12/22/08: Looking Optimistically at the Future
By Benny L. Kass
Every year at this time, I take a break from trying to answer the many questions I receive from readers. Instead, I try to look into my two crystal balls to determine the future of housing — at least for the next year.
The financial crisis this year has been called a “once in a century” phenomenon. There are, of course, lots of finger pointing that we all can do – to Congress, to mortgage lenders, to governments at all levels and to consumers as well – but I don’t want to go this route.
Instead, and even though my crystal balls are cloudy, I want to stay on the optimistic side. Cynically, perhaps, since I am not sure that we can sink much lower next year.
So, what’s positive today? For one thing, gas and oil prices have dramatically come down in the past few months. That’s good news for those of us who heat our homes with oil.
And interest rates are perhaps at an all time low. A friend just obtained a loan commitment for a 30 year fixed rate at – believe it or not – 4.875 percent. And a mortgage broker told me that for a brief moment in time last week, rates dipped down to 4.5 percent.
These rates mean it is time to refinance, especially for those of you who have adjustable rate mortgages. The loan requirements have been dramatically tightened, and you will need a good FICO credit score, and you may need to have at least 40 percent equity in your house, but it certainly makes sense to ask your lender if you can qualify for a lower interest rate mortgage.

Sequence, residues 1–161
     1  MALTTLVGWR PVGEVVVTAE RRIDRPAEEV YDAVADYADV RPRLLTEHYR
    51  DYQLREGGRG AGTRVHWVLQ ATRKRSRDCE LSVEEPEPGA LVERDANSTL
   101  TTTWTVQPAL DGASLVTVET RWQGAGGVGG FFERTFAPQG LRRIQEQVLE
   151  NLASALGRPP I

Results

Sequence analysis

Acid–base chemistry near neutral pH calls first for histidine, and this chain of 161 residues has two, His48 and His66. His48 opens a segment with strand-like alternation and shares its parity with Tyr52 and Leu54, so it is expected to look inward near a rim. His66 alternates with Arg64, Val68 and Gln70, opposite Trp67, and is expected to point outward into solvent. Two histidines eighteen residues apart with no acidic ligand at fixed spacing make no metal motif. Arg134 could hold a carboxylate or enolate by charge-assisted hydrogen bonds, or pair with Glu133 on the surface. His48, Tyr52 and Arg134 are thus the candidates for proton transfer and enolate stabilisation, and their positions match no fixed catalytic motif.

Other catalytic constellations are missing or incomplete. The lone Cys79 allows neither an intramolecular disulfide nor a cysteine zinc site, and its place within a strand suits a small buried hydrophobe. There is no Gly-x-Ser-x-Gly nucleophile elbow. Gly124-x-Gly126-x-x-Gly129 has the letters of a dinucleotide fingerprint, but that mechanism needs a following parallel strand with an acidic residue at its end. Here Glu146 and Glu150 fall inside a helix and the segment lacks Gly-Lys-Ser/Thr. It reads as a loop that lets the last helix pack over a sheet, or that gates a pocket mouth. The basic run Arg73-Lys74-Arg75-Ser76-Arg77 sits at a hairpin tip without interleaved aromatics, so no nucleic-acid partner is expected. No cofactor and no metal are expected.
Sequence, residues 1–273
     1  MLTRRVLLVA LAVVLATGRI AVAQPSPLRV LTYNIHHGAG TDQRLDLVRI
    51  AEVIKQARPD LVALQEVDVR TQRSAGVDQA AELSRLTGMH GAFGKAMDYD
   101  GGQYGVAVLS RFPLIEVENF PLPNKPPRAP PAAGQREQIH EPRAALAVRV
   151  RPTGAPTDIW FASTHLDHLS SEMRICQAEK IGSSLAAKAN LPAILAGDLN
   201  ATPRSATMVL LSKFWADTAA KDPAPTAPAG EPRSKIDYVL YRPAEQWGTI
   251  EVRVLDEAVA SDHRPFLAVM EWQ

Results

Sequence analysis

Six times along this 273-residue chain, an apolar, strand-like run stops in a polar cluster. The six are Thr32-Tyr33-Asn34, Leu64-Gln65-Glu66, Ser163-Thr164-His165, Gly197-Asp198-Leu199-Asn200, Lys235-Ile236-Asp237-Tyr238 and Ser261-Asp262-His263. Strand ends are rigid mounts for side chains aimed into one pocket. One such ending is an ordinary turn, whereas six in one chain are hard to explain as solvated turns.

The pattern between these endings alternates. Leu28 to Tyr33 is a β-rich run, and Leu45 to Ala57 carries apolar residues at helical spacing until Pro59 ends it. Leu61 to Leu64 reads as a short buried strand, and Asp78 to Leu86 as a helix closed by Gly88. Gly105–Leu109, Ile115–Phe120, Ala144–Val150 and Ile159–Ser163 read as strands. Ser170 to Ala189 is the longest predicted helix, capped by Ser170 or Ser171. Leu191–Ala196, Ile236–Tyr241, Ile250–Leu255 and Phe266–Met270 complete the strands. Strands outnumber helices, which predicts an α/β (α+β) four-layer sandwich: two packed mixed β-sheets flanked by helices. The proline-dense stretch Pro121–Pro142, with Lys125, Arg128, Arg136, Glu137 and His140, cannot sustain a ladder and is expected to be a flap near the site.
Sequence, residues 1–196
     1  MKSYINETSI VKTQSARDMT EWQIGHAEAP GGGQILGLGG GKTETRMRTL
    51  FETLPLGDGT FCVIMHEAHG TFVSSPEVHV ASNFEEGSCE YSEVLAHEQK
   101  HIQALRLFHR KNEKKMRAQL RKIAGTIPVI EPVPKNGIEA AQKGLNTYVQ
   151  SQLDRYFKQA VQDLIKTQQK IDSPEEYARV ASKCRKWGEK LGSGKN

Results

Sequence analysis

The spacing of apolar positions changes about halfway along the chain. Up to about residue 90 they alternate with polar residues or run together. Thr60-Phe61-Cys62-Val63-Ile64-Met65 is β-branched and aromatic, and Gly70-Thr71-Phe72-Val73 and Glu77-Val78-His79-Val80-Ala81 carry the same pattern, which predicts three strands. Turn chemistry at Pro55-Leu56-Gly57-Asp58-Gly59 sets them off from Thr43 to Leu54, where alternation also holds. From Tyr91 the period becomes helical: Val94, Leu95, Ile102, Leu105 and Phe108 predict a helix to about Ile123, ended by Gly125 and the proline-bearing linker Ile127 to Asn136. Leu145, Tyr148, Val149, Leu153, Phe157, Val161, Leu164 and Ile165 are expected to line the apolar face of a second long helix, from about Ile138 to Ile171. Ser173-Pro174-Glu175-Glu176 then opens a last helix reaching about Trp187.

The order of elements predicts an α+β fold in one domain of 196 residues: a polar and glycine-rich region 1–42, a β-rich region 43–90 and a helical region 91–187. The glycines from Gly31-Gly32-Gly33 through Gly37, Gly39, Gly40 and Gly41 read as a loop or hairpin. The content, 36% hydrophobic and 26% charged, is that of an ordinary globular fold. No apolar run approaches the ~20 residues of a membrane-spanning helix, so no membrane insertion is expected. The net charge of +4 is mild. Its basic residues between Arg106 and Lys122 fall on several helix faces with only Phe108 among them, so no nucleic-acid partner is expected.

And if you can obtain a loan, it is also a good time to buy. In all my years in real estate, I cannot recall a better, stronger “buyer’s market” than now.
It’s also a good time to consider renting out your house – and not only for the Obama inauguration, where rents are going at astronomical prices. A lot of new people will be coming to Washington to join the new administration, and the old guard usually stick around as lobbyists or publicists. A lot of people do not want to sell their house at a loss (or at least what they consider a loss). And many consumers are either unable to qualify for a loan or just plain afraid to jump into the real estate market. Accordingly, I believe that the rental market will remain strong in the Washington metropolitan area in 2009.
Investors are concerned that Congress may increase the capital gains tax from its current 15 percent, and thus I predict we will see more and more Section 1031 (Starker) exchanges this coming year. While many people mistakenly call these “tax-free” exchanges, since you generally do not have to pay any tax if you conduct a successful exchange, in reality it is only a “tax-deferred” process. But call it what you will, such an exchange is a good way to rid yourself of property that you feel may no longer be productive, and obtain (in exchange) a more potential piece of property.
Additionally, for those investors who plan to retire in a couple of years and move to a warmer climate, the exchange process is just right. They obtain the replacement property in the area where they plan to live, rent it out for a couple of years, and then move into the house and treat it as their principal residence. There are significant tax savings if the process is done right.